The Diavik Diamond Mine processes up to 2 million tonnes of ore annually.
Separating diamonds from the kimberlite host rock is a non-chemical, gravity-based process which relies on the diamonds' heavier weight to separate them from waste rock.
At the beginning of this process, diamond-bearing kimberlite ore is trucked to a storage area outside the process plant. A primary sizer reduces the ore before it enters the plant where it is mixed with water and crushed to less than 30 millimetres. The ore is then conveyed to the dense medium separation circuit. Here fine grained, heavy and magnetic ferro-silicon (FeSi) sand is added to the crushed ore and water mixture. The FeSi magnifies the gravity effect and enhances diamond and other heavy mineral separation. A large magnet recovers the FeSi, which is recycled. Water is also recycled.
The less dense waste kimberlite fraction is directed to the processed kimberlite containment (PKC) area for permanent storage. The heavy mineral concentrate (containing diamonds, garnet, diopside, olivine, and spinel) is conveyed to the recovery circuit.
In the recovery building, the diamonds are separated from the waste heavy minerals using X-rays to trigger a unique characteristic of diamonds. Diamonds glow under this kind of light, and photo-electric sensors direct strategically placed air blasts to blow the diamonds off the conveyor belt into diamond collection receptacles. Waste minerals are reprocessed and directed to the PKC. The diamonds are then shipped to the Diavik product splitting facility in Yellowknife where they are cleaned using chemicals, divided 60/40 between the joint venture partners (Rio Tinto and Harry Winston), and undergo evaluation, for government royalty purposes.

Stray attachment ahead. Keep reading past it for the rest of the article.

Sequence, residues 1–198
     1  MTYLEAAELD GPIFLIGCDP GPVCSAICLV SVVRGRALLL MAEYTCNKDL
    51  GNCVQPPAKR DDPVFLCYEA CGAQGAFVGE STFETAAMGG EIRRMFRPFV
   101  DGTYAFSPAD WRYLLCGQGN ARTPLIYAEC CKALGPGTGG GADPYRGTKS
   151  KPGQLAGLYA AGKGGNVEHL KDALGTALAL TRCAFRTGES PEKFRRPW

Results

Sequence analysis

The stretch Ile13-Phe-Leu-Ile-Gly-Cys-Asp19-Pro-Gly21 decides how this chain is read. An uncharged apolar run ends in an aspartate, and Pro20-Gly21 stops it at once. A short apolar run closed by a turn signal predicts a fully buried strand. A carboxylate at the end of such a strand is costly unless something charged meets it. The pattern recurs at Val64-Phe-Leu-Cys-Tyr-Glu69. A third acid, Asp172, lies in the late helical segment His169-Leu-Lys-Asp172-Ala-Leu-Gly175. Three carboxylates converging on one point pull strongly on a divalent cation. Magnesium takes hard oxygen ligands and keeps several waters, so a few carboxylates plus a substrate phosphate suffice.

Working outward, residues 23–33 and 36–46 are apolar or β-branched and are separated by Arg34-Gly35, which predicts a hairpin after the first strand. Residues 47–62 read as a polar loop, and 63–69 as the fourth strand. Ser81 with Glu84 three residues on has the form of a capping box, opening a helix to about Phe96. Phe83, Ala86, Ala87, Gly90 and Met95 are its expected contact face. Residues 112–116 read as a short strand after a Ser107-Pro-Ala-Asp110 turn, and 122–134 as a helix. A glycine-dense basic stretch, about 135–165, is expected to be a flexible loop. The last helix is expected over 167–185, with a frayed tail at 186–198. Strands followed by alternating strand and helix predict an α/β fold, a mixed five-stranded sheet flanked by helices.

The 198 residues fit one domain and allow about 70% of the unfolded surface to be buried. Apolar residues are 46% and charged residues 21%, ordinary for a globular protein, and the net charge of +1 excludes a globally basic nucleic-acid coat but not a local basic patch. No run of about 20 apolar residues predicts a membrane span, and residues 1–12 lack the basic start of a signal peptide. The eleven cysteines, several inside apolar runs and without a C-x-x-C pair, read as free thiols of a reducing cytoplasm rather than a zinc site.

Processed Kimberlite Containment (PKC)
Despite being a high grade deposit, the diamonds represent approximately one part per million of the host kimberlite rock. Once this small fraction of diamonds is removed, the remaining kimberlite is placed in the Processed Kimberlite Containment area (PKC). Constructed in a natural valley in the centre of East Island, the PKC is bounded by dams constructed at either end.
At the completion of mining, this PKC area will be approximately 1 kilometre long and 1.3 kilometres wide and contain up to 40 metres of processed kimberlite. The PKC will be covered with waste rock to seal it safely forever.